The 5-9 Chicago Bears are playing the 3-11 Arizona Cardinals at Soldier Field in a Week 16 matchup.
Here’s what you need to know.
Bears wide receiver DJ Moore was hurt on Justin Fields’ first pass of the day but returned later in the first quarter.
He stayed down for a couple of minutes while trainers tended to him and then walked off the field and headed to the injury tent.
He returned to the bench after his time in the medical tent, and trainers tended to his right ankle. He didn’t join the Bears offense on the start of its next drive but was on the field for Justin Field’s 3-yard touchdown run for the first score of the game.
The key play on the 74-yard drive was Fields’ pass to tight end Cole Kmet for a 53-yard reception.
The Bears will be without running back D’Onta Foreman on Sunday against the Cardinals.
Foreman missed practice Thursday for personal reasons and was listed as questionable to play. Coach Matt Eberflus was vague when asked Friday whether Foreman would be available, and the Bears announced he is inactive.
The Bears will rely on running backs Khalil Herbert and Roschon Johnson with Foreman out.
Tight end Cole Kmet is active after dealing with a quad issue during practice last week.
The Bears previously declared out left guard Teven Jenkins, wide receiver Equanimeous St. Brown and linebacker Noah Sewell. Safety Quindell Johnson and quarterback Nathan Peterman are also inactive.
For the Cardinals, wide receiver Marquise Brown, cornerback Garrett Williams, linebackers Tyreke Smith and Victor Dimukeje, offensive linemen Carter O’Donnell and Dennis Daley and tight end Travis Vokolek are inactive.
Bears quarterback Justin Fields runs the ball in for a touchdown in the fourth quarter against the Lions at Soldier Field on Dec. 10, 2023. (Chris Sweda/Chicago Tribune)
Here we are again, Chicago, in the home stretch of another losing Bears season with quarterback uncertainty swirling. Justin Fields has three games remaining in his third season and, quite possibly, in his time with the organization.
- True or false: Bears QB Justin Fields’ inability to close will accelerate his exit from Chicago
- 5 things we learned from the Bears, including Justin Fields and Jaylon Johnson addressing their uncertain futures
Credit Jaylon Johnson for acknowledging the elephant in the room — and finding a way to use it as motivation from the beginning.
Johnson is the rare NFL player who will emerge a big winner for betting on himself and playing out his contract. He’s not alone, but in an era when teams are motivated to give early extensions with the idea of saving a little money and players love to cash in as soon as possible, Johnson is three games from completing the four-year, $6.46 million contract he signed after being drafted in the second round in 2020.
What’s next for Johnson? Read more here.
- Bears get an early start on offseason to-do list: Kicker Cairo Santos agrees to a 4-year, $16M extension
Crews demolish the grandstand and surrounding structures at the former Arlington International Racecourse on Sept. 25, 2023, in Arlington Heights. (Stacey Wescott/Chicago Tribune)
Another Bears season is drawing to a close with no breakthroughs in sight for a new stadium — but those involved on all sides say they’re working on it. And a new draft document among the team and Arlington Heights officials suggests potential progress.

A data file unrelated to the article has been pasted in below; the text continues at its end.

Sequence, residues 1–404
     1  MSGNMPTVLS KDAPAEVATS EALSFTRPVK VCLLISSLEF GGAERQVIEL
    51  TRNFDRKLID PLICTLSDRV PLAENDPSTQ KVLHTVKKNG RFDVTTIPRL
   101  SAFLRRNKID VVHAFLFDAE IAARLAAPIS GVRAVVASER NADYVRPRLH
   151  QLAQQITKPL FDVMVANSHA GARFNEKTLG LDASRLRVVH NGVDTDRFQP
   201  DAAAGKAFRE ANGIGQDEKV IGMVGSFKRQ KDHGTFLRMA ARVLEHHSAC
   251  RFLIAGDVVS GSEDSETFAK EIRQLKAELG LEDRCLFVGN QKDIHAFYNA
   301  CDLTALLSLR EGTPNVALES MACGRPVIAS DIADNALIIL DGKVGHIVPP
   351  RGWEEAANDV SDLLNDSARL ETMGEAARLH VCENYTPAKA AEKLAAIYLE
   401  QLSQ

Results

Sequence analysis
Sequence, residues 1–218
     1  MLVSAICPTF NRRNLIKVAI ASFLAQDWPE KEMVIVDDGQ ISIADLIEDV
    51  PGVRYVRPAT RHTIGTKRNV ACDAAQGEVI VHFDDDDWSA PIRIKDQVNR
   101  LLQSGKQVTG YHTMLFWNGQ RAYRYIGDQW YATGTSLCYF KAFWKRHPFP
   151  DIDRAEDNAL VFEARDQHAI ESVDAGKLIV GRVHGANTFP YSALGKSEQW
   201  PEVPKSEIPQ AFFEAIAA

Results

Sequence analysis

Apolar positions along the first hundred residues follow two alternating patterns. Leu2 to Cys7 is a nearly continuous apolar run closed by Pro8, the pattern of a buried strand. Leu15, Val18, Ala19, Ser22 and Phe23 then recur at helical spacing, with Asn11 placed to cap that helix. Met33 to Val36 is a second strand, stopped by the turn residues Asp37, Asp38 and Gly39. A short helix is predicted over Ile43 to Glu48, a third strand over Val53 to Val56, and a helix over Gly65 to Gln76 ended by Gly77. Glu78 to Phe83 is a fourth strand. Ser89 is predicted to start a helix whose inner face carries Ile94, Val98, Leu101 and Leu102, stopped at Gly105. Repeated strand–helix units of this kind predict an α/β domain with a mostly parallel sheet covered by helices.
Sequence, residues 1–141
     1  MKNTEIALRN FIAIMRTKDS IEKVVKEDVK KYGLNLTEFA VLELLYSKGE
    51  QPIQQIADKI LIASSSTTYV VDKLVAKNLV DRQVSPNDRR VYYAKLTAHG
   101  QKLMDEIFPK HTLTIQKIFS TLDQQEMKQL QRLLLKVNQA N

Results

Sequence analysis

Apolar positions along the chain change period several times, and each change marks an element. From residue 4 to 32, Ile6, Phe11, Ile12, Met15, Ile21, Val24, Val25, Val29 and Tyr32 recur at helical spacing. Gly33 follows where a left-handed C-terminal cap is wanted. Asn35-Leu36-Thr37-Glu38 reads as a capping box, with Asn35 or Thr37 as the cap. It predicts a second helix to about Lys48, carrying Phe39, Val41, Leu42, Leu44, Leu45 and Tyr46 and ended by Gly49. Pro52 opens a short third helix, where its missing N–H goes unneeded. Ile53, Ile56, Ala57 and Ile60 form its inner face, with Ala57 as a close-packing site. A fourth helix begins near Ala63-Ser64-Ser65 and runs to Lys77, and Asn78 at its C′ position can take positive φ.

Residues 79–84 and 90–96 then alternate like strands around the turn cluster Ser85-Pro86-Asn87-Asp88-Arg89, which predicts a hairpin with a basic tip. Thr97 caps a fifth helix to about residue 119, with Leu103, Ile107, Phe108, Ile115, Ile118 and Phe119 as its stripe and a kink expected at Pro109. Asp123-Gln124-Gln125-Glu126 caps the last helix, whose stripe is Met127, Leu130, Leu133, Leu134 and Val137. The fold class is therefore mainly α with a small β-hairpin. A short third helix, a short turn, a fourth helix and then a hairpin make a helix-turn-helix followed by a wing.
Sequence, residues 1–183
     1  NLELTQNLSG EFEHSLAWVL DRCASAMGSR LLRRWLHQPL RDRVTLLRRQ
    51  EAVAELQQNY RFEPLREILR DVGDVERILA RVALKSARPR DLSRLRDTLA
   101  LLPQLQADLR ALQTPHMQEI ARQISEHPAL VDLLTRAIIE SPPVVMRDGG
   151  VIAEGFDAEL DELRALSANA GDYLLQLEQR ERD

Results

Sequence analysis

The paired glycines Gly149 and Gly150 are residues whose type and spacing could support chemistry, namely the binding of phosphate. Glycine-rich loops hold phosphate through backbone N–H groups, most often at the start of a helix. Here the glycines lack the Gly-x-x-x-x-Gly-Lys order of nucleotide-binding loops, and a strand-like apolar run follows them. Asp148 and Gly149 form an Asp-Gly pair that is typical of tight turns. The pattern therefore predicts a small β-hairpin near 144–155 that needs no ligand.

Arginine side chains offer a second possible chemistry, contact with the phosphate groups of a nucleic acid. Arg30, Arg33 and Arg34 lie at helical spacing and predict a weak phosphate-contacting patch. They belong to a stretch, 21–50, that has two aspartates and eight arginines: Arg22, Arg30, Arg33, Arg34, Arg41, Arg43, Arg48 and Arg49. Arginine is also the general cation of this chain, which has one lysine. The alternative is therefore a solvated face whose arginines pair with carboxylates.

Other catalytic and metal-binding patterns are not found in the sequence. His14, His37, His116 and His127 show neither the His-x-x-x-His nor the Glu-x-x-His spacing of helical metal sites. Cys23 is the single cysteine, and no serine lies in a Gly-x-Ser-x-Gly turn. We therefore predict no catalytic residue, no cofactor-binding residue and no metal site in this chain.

Last month, the village held an online meeting with the Bears to discuss a memorandum of understanding, or MOU, according to documents the Tribune obtained through a Freedom of Information request.
The online gathering included invitations to Bears President and CEO Kevin Warren and general counsel Cliff Stein, along with Arlington Heights Mayor Tom Hayes and other village officials. Read more here.
- The grass is greener at Soldier Field — and that’s great for the Bears. Here’s how ultraviolet lights have helped.
Playing on Christmas Eve or Christmas Day has been a possibility for the Chicago Bears only since the 1980s.
Why? From the league’s start in 1920, the NFL season consisted of fewer regular-season games and its championship usually concluded before or avoided altogether the December holidays.
That changed in April 1971, when it was announced four playoff games would take place on Dec. 25-26. This arrangement — with two games each day — meant all four games could be broadcast nationally. As the holidays drew nearer, however, fans became vocal.
“I enjoy football, but is it really necessary to play on Christmas Day?” an angry caller told Joe McGuff, then the sports editor for the Kansas City Star. “This is a religious day, a family day. But apparently it makes no difference to the people who run professional football.”
The Bears played on Christmas Eve for the first time in 1989 and Christmas Day in 2005. Read more here.
- The NFL’s oldest rivalry continues Sunday at Soldier Field. A look at the rivalry that started in 1920.
- Bears’ evaluation of ‘ascending’ LT Braxton Jones will play into offseason moves — and his test against Myles Garrett was big
- Bears Q&A: Which direction will they go at left tackle? What are the most important factors in the Matt Eberflus decision?
- Can an improving Bears defense provide an emphatic finish to the season? 12 numbers and nuggets for Week 16.
- The chip on T.J. Edwards’ shoulder remains 5 years later — and he’s using it to drive his productive Bears season
- Photos: Bears players surprise employees — and travelers — at O’Hare Airport
- Column: A ‘nightmare’ 2023 for Chicago sports included some memorable moments on TV and radio